Baillie Gifford Japanese B Acc

Japanese Equities

Rated Fund 2014-15, 2018-19. Identifies leading global businesses

This fund is the open-ended sister to the Baillie Gifford Japan investment trust. We introduced it last year on the basis that it is well suited to investors who want to tap into the experience of its Japanese equities team without either paying a premium or taking the added risk of gearing.

Matthew Brett is its lead manager and Praveen Kumar his deputy, a duo that has been in place since veteran Japanese investor Sarah Whitley retired in 2018. Baillie Gifford’s investment style is team-based, so there has been no change to the investment approach here.

The managers seek to identify companies – typically 50 to 60 – that have potential to grow over the long term. The fund has a greater weighting towards large companies than the investment trust. Overall, there is 60% overlap between the two propositions.

The managers say that, in contrast to other major markets, growth often commands little or no valuation premium in Japan, so they look to identify leading global businesses that trade on a substantial discount to their peers.

Key factors that drive overall stock selection include a competitive advantage, robust finances and strong management alignment with shareholders.

The fund tends to perform well when high-growth companies do well, particularly those in the consumer-facing and technology sectors. Picking the right companies within these areas has led to strong outperformance.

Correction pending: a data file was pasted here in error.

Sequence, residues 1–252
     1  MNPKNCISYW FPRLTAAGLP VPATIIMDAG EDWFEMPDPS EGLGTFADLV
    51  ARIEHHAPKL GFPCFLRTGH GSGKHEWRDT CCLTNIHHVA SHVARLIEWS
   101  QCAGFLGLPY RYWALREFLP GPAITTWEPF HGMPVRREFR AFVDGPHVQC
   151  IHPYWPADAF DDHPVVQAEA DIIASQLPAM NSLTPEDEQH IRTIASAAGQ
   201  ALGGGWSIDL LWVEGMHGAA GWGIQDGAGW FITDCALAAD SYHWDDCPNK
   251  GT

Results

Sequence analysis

Wealth manager Rowan Dartington has used this fund for the past six years for balanced investors, especially when the investment trust is trading at a premium. Investment director Tim Cockerill says: “Bottom-up, growth-orientated and long-term, the Baillie Gifford Japanese strategy has paid off very well.”

Narrative and ratings content all as of 01 January 2019.

See all Money Observer rated funds
Baillie Gifford Japanese B Acc
Baillie Gifford & Co Limited.
Open Ended Investment Company
0.62 %
Risk Rating
3 Year Sharpe
3 Year Alpha
1.1 %
The Fund aims to outperform (after deduction of costs) the TOPIX, as stated in Sterling, by at least 1.5% per annum over rolling five-year periods.The Fund will invest at least 90% in shares of Japanese companies being those which are listed, incorporated, domiciled or conducting a significant portion of their business in Japan. The Sub-fund will be actively managed and will invest in companies of any size and sector.
Holding %
SoftBank Group Corp 6.51 %
Sumitomo Mitsui Trust Holdings Inc 4.00 %
SBI Holdings Inc 3.74 %
Inpex Corp 3.72 %
Rakuten Inc 3.61 %
Kubota Corp 3.13 %
Fanuc Corp 2.72 %
MISUMI Group Inc 2.68 %
GMO internet Inc 2.59 %
Sumitomo Metal Mining Co Ltd 2.22 %
Region %
Japan 100.00 %
Sector %
Industrials 19.69 %
Communication Services 16.91 %
Consumer Cyclical 15.50 %
Technology 13.85 %
Financial Services 13.40 %
Energy 6.63 %
Baillie Gifford & Co Limited.
EH1 3AN, Edinburgh, United Kingdom
Legal Structure
Open Ended Investment Company


Matthew Brett
Joined 06/01/2008

Matthew graduated BA (Hons) in Natural Sciences (Psychology) from the University of Cambridge in 2003 and holds a PhD in Psychology from Bristol University. He joined Baillie Gifford in 2003 and is an Investment Manager in the Japanese Equity Team. Matthew is a co-manager of the Japanese All cap strategy and is a CFA Charterholder.

Data provided by Morningstar.

The Content is only for your general information and use and is not intended to address your particular requirements. The Content does not constitute any form of advice, recommendation or arrangement by Money Observer and is not intended to be relied upon by you in making (or refraining from making) any specific investment or other decisions. Appropriate independent advice should be obtained before making any such decision.

This information is sourced from our partner Morningstar. We believe the data to be correct however you should take care in using any information.

You should be aware that prices may fall as well as rise and that the income derived can go down as well as up. When buying or selling any investment that fluctuates in price or value you may get back less than you invested. Past performance is not necessarily a guide to future performance.